Croatia’s Prime Minister Andrej Plenković has presented a 4.8 billion kuna package [approximately 636 million euros] to mitigate the growth of energy prices.
Overall, he mentioned several causes for the rise of gas prices. First of all, the greater demand due to the coronavirus pandemic; second, the lower gas supplies from Russia, while European producers like Norway are unable to increase the domestic amount of gas; finally, colder winters due to climate change.
“Europe imports 61 per cent of its total energy needs, 90 per cent of which is gas,” Prime Minister Plenković said, adding that gas is also used for electricity production (20 per cent), for industry and transport (25 per cent) and for households (46 per cent).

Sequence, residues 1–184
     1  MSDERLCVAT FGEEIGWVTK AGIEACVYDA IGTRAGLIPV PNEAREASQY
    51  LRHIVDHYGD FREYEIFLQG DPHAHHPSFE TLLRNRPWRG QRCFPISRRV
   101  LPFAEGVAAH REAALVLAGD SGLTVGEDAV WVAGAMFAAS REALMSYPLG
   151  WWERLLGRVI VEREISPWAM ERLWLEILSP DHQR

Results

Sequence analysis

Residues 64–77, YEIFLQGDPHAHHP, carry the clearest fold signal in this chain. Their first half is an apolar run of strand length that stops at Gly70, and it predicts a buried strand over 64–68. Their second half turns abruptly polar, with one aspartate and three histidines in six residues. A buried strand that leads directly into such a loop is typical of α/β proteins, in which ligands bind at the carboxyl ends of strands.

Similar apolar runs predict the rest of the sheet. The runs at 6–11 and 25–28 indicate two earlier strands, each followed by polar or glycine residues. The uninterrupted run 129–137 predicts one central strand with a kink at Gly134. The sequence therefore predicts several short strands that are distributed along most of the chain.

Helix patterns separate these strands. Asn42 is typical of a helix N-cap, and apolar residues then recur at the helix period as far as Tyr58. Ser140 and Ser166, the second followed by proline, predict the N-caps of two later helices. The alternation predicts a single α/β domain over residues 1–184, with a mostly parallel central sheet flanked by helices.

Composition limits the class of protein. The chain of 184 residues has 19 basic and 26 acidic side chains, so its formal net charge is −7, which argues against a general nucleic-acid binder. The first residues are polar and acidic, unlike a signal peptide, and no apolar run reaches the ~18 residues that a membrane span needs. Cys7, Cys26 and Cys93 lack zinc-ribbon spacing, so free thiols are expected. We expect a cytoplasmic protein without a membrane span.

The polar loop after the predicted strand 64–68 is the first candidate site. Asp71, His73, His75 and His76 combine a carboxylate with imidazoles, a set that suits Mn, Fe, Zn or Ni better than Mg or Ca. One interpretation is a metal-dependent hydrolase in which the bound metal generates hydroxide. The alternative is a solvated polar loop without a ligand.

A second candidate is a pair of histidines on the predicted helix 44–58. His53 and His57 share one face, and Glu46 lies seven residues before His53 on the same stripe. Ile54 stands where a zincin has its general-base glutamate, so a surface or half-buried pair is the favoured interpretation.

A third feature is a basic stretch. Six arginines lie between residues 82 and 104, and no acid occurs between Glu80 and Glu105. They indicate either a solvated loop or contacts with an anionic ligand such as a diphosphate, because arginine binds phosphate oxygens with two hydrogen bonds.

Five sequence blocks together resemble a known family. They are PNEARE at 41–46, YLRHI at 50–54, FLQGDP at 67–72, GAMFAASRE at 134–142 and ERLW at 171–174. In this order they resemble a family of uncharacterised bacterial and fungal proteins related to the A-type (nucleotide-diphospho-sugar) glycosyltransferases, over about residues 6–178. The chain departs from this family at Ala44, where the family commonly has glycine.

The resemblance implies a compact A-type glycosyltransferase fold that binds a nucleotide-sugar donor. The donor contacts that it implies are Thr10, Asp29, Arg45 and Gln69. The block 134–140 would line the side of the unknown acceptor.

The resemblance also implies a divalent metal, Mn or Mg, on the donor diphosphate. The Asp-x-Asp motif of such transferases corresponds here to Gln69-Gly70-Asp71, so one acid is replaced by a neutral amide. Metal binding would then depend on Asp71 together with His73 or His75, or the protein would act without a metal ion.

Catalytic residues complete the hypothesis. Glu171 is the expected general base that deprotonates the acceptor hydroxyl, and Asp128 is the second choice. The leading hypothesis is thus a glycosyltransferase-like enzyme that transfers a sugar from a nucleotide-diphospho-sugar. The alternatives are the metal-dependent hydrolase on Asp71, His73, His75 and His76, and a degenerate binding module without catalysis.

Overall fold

In the past six months, the increase in gas prices for households in the European Union has varied, with Romania registering the highest increase and the least registered in Croatia and Hungary.
“The average price of gas for households in the European Union is 120 euros per megawatt-hours (MWh), which is 2.8 times more than in Croatia,” underlined the Prime Minister.
Other than regulating the prices, Croatia can also count on a fifth of its energy consumption produced locally.
“This package of measures applies to households, companies and farmers. It is universal because it is aimed at all users,” Mr Plenković announced, saying that the measures will save 61 million euros for households, but state-owned power utility Hrvatska Elektroprivreda (HEP) will suffer the same drop in income.
Speaking about the expected outcomes of this package, Mr Plenković pointed out that electricity prices will grow up to 9.6 per cent (instead of 23 per cent) while gas will be up to 20 per cent (instead of 79 per cent). Moreover, the package will also address the most vulnerable energy customers, which are estimated to be over 90,000. The new measures will extend the number of eligible people who will receive vouchers for both electricity and gas bills.